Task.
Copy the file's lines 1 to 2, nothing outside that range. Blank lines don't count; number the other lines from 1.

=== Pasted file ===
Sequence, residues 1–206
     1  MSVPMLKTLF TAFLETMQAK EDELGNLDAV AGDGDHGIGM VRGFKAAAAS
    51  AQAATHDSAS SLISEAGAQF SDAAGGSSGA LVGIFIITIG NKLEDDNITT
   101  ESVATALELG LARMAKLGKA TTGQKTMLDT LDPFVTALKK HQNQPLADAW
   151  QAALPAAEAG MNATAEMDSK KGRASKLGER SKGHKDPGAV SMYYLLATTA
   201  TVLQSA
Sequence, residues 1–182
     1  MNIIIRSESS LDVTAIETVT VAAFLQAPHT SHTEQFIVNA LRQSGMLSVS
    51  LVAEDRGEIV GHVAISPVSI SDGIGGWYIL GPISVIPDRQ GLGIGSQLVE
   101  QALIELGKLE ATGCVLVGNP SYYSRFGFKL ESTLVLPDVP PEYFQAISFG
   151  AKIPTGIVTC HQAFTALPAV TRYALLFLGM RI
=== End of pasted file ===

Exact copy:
Sequence, residues 1–206
     1  MSVPMLKTLF TAFLETMQAK EDELGNLDAV AGDGDHGIGM VRGFKAAAAS